I assume this is an epic troll, but am going to give an honest answer anyway, because there are some legitimate questions buried in there.
I work with a aggregate.org
a university research group which has a decent claim
to having built the very first Linux PC Cluster, set some records
with them (KLAT2 and KASY0 were both ours), and still operates a number of Linux clusters, including some containing GPUs, so I feel like I have some idea of the lay of cluster technology. It is *way* overdue for an update (and one is in progress, we swear!), but we also maintain TLDP's widely circulated Parallel Processing HOWTO
, which was the goto resource for this kind of question for some time.
In a cluster of any size, you do _not_ want to be handling nodes individually. There are several popular provisioning and administration systems for avoiding doing so, because every organization with a large number of machines needs such a tool. The clusters I deal with are mostly provisioned with Perceus
with a few ROCKS
holdovers, and I'm aware of a number of other solutions (xCat
is the most popular that I've never tinkered with). Perceus can pass out pretty much any correctly-configured Linux image to the machines, although It is specifically tailored to work with Caos NSA (Redhat-like), or GravityOS (a Debian derivative) payloads. Infiscale, the company that supports Perceus, releases the basic tools and some sample modifiable OS images for free, and makes their money off support and custom images, so it is pretty flexible option in terms of required financial and/or personnel commitment. The various provisioning and administration tools are generally designed to interact with various monitoring tools (ex. Warewulf
) and job management systems (see next paragraph).
Accounting and billing users is largely about your job management system. Our clusters aren't billed this way, so I can't claim to have be closely familiar with the tools, but most of the established job management systems like Slurm
, and GridEngine
(to name two of many) have accounting systems built in.
The "standard" images or image-building tools provided with the provisioning systems generally provide for a few nicely integrated combinations of tools, which make it remarkably easy to throw a functioning cluster stack together.
As for GPUs... be aware that the claimed performance for GPUs, especially in clusters, is virtually unattainable. You have to write code in their nasty domain-specific languages (CUDA or OpenCL for Nvidia, just OpenCL for AMD) and there isn't really any concept of IPC baked in to the tools to allow for distributed operations. Furthermore, GPUs are also generally extroridnarly memory and memory bandwidth starved (remember, the speed comes from there being hundreds of processing elements on the card, all sharing the same memory and interface), so simply keeping them fed with data is challenging.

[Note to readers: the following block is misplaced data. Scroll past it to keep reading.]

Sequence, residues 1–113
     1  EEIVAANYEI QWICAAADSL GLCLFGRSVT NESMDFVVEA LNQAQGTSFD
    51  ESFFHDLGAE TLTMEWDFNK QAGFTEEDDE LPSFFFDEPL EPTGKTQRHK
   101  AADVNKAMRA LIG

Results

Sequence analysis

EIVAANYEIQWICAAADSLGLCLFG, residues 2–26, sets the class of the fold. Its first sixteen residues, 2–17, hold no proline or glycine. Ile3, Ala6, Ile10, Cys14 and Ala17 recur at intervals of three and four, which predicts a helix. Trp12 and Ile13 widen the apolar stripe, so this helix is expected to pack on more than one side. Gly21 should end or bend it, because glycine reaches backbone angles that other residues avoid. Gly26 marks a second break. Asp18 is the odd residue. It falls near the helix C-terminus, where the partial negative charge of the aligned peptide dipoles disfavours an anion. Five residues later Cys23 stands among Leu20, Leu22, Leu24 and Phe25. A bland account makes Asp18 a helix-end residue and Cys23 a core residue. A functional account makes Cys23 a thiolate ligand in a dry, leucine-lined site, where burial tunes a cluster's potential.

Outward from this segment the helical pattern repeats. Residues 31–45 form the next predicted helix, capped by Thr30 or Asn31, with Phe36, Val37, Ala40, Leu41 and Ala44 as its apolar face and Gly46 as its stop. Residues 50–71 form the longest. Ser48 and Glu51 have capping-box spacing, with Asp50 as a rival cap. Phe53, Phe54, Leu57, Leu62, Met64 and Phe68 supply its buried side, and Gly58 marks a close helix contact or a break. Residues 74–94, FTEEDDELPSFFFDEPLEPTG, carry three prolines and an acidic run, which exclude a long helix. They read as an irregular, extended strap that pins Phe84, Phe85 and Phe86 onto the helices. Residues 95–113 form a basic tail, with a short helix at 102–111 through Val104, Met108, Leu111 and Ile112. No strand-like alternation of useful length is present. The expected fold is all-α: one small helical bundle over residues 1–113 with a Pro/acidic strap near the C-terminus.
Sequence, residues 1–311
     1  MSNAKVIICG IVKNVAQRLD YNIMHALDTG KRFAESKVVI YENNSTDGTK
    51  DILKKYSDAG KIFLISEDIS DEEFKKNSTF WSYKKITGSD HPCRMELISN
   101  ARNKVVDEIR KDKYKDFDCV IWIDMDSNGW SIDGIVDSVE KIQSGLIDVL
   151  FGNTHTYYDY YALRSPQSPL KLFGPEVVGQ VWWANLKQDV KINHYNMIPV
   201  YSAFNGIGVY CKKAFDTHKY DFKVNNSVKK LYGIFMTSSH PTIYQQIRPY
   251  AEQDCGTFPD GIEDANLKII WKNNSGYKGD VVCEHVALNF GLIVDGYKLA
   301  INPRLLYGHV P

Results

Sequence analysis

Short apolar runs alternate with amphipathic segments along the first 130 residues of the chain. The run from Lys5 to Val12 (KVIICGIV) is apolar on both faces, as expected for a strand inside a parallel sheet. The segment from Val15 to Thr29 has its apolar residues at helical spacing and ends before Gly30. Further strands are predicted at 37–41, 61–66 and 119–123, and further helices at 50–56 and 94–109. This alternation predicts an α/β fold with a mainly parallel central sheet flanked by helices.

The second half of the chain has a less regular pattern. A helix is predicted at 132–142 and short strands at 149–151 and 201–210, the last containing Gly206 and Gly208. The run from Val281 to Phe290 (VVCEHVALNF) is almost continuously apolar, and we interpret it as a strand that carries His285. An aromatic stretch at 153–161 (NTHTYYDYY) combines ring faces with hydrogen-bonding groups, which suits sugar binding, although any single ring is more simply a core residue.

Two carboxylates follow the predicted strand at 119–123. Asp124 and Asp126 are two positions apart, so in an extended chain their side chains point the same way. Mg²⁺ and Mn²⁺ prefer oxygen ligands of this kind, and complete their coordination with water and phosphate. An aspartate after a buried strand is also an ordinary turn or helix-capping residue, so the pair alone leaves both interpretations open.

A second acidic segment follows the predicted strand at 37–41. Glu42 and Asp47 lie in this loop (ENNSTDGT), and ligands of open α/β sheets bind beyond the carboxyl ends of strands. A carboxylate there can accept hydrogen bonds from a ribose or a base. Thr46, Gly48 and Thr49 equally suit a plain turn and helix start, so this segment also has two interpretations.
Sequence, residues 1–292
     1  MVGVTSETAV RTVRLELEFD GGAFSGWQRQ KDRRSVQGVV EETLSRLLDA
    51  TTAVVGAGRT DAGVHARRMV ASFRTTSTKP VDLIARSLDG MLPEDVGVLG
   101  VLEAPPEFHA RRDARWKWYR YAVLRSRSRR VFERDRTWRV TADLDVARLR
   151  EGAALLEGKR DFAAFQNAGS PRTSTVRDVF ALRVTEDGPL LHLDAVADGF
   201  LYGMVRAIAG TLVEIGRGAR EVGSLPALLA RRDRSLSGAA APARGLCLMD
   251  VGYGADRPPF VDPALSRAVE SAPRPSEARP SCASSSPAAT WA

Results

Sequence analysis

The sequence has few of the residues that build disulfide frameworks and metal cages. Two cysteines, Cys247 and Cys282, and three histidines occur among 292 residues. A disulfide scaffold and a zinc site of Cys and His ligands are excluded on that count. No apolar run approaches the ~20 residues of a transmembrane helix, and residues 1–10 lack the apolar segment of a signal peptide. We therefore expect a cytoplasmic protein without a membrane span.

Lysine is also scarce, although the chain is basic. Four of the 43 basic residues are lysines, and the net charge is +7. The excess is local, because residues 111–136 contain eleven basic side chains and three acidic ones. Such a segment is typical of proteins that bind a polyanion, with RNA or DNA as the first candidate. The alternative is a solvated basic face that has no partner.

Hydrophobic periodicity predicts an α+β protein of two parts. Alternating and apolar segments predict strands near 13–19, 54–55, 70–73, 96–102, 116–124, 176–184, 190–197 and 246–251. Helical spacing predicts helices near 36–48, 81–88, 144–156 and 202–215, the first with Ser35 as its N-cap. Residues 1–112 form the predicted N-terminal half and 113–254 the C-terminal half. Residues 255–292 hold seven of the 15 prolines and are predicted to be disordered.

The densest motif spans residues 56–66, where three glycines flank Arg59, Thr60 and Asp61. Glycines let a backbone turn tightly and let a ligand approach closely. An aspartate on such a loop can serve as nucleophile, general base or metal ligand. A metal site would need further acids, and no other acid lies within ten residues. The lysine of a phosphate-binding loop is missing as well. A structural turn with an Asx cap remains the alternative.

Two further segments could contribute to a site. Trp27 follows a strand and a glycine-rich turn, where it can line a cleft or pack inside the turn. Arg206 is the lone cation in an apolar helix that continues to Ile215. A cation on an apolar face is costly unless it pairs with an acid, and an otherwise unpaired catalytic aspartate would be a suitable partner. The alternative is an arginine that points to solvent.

GPGPU is also an unstable area in both relevant senses: the GPGPU software itself has a nasty tendency to hang the host when something goes wrong (which is extra fun in clusters without BMCs), and the platforms are changing at an alarming clip. AMD is somewhat worse in the "moving target" regard - they recently deprecated all 4000 series cards from being supported by GPGPU tools, and have abandoned their CTM, CAL, and Brook+ environments before settling on OpenCL, and only OpenCL. Nvidia still supports both their CUDA environment and OpenCL environments, and (with some caveats) all the cards they have ever claimed to work for compute can still be used. Offsetting the somewhat easier and more flexible software situation on the Nvidia side, the AMD cards tend to offer peak FLOPS/dollar numbers something like 4x what the Nvidia cards can provide, which makes the various parts surprisingly well matched. Note that the difference between the special compute hardware ("Tesla" and "Firestream") and consumer cards tends to be that they have a little more memory, and are enormously more expensive , so the consumer cards are way ahead in terms of FLOPS per dollar. We're currently speccing out a 64-node cluster hosting Radeon HD5770s that will (in theory) peak a little above 85TeraFLOPS of GPU performance for less than $10k in GPUs. To head off a common "oops" moment, it sounds as though your machines will be "server style" (ie. rackmount, high reliability PSUs, etc.), which can be a challenge, since that kind of system is generally not designed for hosting physically enormous, power hungry PCIE cards like GPUs.
The questions posed in the OP are *very* early issues in the planning process for setting up a cluster, but enjoy your journey into the woods, this stuff is fun.